DNA fragmentation during apoptosis is considered to occur in two stages. Walker et al. (9) reported sequential degradation of genomic DNA, initially to high molecular weight (HMW) DNA fragments of approximately 300 kb, followed by the appearance of 50 kb loop-size chromatin fragments which were detected using pulse-field gel electrophoresis. Oligonucleosomal DNA
fragments that produce the characteristic DNA ladder are released when the 50 kb fragments are further degraded. Certain cells, such as MoIt-4 human T cell leukaemia cells (5) and DU145 human prostate cells (8,10) do not display internucleosomal DNA fragmentation, although these cells die with a typical apoptotic morphology. In these cells, however, HMW DNA fragmentation can be observed, suggesting that HMW DNA cleavage is also an important biochemical marker of apoptosis and that internucleosomal DNA cleavage is dispensable for apoptosis (7,11,12). In general, haematopoietic cells, such as human leukaemia HL60 and Jurkat, are very sensitive to induction of apoptosis and undergo internucleosomal DNA fragmentation upon exposure to various apoptotic stimuli, including inhibitors of topoisomerase I (campto-thecin) or topoisomerase II (etoposide = VP-16) or staurosporine (13-17). On the other hand, epithelial cells (e.g. MCF7 human breast cancer or DU145 prostatic carcinoma cells) are generally more resistant to apoptosis (8,10).
The presence of 5'-phosphate (5'-P) and 3'-hydroxyl (3'-OH) DNA termini in apoptotic cells is an important biochemical feature of apoptotic DNA fragments. Indeed, the terminal deoxynucleotidyl transferase-mediated dUTP-biotin nick end-labelling (TUNEL) method, which is commonly used to detect apoptotic cells, is based on the presence of 3'-OH termini (18). This method is described in Chapter 2. Another characteristic feature of apoptotic DNA fragmentation is that single-stranded DNA breaks are produced as well as double-strand breaks. Peitsch et al. (19) and Walker et al. (20) found that numerous single-strand breaks are generated in internucleosomal DNA regions during apoptosis. They proposed that DNA single-strand breaks accumulate in the linker regions between nucleosomes, eventually causing double-strand scissions which release oligonucleosomes.
Several nucleases are probably responsible for the DNA fragmentation in apoptosis (Table 1). Among the first reported were DNase I (21, 22) and Nucl8 (23). Nucl8 (cyclophilin) was isolated from apoptotic rat thymocytes
(24). Recently, a 33 kDa DNase I-related nuclease (DNase Y) has been isolated from rat cells. Its gene encodes a 36 kDa protein that is ubiquitously expressed and is activated by proteolytic cleavage to a 33 kDa endonuclease
(25). This nuclease resembles the DNase y, a 34 kDa nuclease that was recently purified from rat thymocytes (26). Interestingly, DNase Y is not transcriptionally regulated in apoptosis (25). An acidic endonuclease, DNase II (27, 28) has also been proposed to be involved, as well as several Ca2+/Mg2+-dependent endonucleases (26, 29-31). However, it should be noted that DNase II produces 5'-OH and 3'-P DNA termini (32), which is not consistent with the characteristics of apoptotic DNA fragmentation. Two other Ca2+/Mg2+-dependent endonucleases have also been isolated from apoptotic rodent cells and another endonuclease was isolated from apoptotic mouse T cell hybridoma (30). It consists of three molecular forms (A, B, and C) with apparent molecular weights of 49, 47, and 45 kDa, respectively (30). In addition, a 97-kDa Ca2+/Mg2+-dependent nuclease producing internucleo-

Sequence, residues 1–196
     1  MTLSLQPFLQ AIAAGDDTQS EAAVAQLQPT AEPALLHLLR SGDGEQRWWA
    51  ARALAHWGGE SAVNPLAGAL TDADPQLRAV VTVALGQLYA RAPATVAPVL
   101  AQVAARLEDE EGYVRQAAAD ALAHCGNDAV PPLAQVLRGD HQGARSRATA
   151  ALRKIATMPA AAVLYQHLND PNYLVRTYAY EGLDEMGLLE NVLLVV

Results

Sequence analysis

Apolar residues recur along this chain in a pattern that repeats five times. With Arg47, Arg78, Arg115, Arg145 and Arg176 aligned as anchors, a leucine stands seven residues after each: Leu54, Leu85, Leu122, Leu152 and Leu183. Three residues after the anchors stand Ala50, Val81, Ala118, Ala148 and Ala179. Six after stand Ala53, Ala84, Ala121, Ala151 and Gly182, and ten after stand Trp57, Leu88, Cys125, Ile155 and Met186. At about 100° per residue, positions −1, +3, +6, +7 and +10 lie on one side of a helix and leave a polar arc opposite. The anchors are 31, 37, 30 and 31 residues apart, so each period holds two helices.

Table 1. Overview of the apoptotic nucleases
Nuc18 ILCME (not named) (not named) DNase I DNase 7 DNase Y DNase II CAD/DFF40 AN34
Ca2+/Mg2+ Ca2+/Mg2+ Ca2+/Mg2+ Ca2+/Mg2+ Ca2+/Mg2+ Ca2+/Mg2+ Ca2+/Mg2+ (-)
Ion dependency ra2+/Mn2+
97 28 31 34
33 40 40
Mouse T cell hybridoma
Rodent and human cells
Human leukaemia HL60
31 29 22 26 25 28
Reference somal DNA cleavage cells has been reported to be present in untreated rat hepatoma (31).
Very recently, a caspase-activated DNase (CAD) has been reported by S. Nagata and co-workers (33). CAD is a 40 kDa protein that induces internucle-osomal DNA cleavage in isolated nuclei in the presence of Mg2+. CAD activity does not require Ca2+, and CAD forms a complex and co-purifies with an inhibitor of CAD (ICAD) that can be cleaved by caspase-3 during apoptosis (33, 34). CAD and ICAD have been isolated independently by X. Wang and co-workers who showed that DNA fragmentation and chromatin condensation depend on a heterodimeric protein composed of two DNA fragmentation factors of 45 and 40 kDa (DFF45 and DFF40 corresponding to ICAD and CAD, respectively) (35, 36). In our laboratory, we purified a 34 kDa Mg2+-dependent and Ca2+-independent endonuclease from etoposide-treated HL60 cells undergoing apoptosis (37), and designated this 34 kDa Mg2+-dependent endonuclease, AN34 (apoptotic nuclease 34 kDa) (37). AN34 introduces single-and double-strand breaks in purified DNA and internucleosomal DNA cleavage in isolated nuclei (37). AN34-induced DNA breaks terminate with 3'-OH, consistent with characteristic products of apoptotic chromatin fragmentation (37). Interestingly, our data using caspase inhibitor (zVAD-fmk) suggest that the action of AN34 is also controlled by caspase (37), although AN34 is not inhibited by ICAD (DFF45) (A. Yoshida and Y. Pommier, unpublished data).
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